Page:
I tend to find when I’ve read a book which has been a tad economic, let’s say, with the time spent on editing/proofreading (ahem!), that it’s not one particular aspect of punctuation or grammar. No…it’s the full Monty. I am going to need a shatterproof, iron-clad Kindle soon—it can’t take me hurling it at the wall in exasperation for very much longer.
So, having tackled apostrophes, semi-colons, ellipses, dashes and the that/which debate, let’s have a go at capitalisation, which seems to fox people. Like so many other cast members in the screenplay of punctuation characters, we could go on forever, so I’ll try and cover the basics in this limited space.
The best thing to try and remember is: don’t use a capital letter for a common noun unless it is absolutely essential.
Professions are not capitalised and, therefore, professor, doctor, senator, detective, president, etc., are in lowercase, unless they are followed by a proper name, or you are addressing a person in that profession:
Stephen Hise is an illustrious professor of literature but I asked Professor Chris James for some advice on how to time-travel
“I’d like to attend your lecture on how to be a best-selling author, Professor,” said Carol
Barack Obama is the president of the United States but I watched the inauguration of President Obama on television.
David Cameron, the prime minister of England but Prime Minister David Cameron
Elizabeth is the queen of England but Prince Philip and Queen Elizabeth attended the opening ceremony of the Olympic games.
My mum, my aunt, my dad and my uncle came to my birthday party.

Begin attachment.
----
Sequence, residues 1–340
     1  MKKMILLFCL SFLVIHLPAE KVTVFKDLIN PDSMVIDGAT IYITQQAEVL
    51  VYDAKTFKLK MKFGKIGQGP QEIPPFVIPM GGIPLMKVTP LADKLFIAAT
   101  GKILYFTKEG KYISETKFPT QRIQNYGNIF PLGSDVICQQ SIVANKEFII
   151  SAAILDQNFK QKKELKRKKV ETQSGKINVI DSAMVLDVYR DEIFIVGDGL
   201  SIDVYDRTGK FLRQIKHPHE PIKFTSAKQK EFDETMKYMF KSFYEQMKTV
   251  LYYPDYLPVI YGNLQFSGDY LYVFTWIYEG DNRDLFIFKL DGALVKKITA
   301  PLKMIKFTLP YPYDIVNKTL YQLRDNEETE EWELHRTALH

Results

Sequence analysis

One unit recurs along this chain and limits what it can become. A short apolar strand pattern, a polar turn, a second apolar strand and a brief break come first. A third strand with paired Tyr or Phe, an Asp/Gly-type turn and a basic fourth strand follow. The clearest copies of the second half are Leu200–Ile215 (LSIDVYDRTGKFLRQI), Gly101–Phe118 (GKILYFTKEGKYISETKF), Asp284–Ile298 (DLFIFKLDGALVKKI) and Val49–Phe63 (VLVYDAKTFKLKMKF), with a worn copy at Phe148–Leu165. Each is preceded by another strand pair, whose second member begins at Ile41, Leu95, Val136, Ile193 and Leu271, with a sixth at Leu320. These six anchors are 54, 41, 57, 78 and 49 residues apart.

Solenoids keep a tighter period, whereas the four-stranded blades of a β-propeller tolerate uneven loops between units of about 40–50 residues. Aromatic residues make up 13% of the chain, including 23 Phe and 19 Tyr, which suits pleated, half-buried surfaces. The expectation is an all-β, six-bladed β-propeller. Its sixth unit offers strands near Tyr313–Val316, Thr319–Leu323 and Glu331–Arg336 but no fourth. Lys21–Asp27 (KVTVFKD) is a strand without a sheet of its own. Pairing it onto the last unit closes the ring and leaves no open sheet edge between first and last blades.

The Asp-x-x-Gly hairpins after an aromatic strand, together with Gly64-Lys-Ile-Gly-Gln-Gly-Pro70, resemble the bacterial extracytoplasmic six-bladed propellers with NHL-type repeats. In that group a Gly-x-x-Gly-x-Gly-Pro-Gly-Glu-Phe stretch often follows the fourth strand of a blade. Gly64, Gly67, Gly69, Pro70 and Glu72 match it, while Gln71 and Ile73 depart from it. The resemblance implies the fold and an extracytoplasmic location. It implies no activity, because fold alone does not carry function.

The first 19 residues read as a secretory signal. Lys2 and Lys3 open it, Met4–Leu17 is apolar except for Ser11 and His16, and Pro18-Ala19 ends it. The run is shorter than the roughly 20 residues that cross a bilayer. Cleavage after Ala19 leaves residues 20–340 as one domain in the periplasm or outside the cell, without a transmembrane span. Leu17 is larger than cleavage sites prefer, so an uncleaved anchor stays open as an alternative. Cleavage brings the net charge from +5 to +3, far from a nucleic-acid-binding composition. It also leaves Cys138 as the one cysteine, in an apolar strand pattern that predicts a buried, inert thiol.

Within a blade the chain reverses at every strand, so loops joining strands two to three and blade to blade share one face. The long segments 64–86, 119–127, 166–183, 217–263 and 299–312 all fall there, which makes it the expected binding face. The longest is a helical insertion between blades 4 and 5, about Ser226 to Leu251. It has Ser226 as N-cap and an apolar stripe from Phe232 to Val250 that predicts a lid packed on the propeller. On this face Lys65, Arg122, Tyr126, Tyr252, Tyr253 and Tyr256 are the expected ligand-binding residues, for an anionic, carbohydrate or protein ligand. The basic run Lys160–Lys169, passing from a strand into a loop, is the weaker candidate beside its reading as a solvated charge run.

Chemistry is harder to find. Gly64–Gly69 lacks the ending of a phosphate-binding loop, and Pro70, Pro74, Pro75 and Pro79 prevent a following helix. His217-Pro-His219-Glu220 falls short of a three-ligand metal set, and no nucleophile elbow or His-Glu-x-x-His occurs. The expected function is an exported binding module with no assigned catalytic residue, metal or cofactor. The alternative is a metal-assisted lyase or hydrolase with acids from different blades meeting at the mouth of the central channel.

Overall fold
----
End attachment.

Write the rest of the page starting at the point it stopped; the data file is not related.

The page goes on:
My mum, Auntie Jane, Uncle Arthur and my brother all went to the cinema.
“Did you find my Kindle anywhere, Mum, when you were tidying my bedroom?”
Seasons, school subjects (physics/geography/biology) are not capitalised, but languages are. However: I studied French literature at university.
When pertaining to a country, use a capital letter, ie, when it is, quite literally, for example, of France, of Germany. But venetian blinds do not necessarily come from Venice.
‘government’ and ‘parliament’ are not capitalised unless you are talking about the Government and the Parliament (i.e. a specific government/parliament).
Do use capitals when you want to stress something or want to make light or fun of something:
Stephen Hise is the Evil Mastermind.
Brand names should be capitalised: My first ever radio was a Sony.
There are of course obvious instances where capital letters should be used:
Days of the week/months/holidays/religious terms/planets (but not sun and moon), languages, ethnic groups, countries, etc.
The most common fault is to overcapitalise. As always, if in doubt, check it out before putting your little digit on that shift key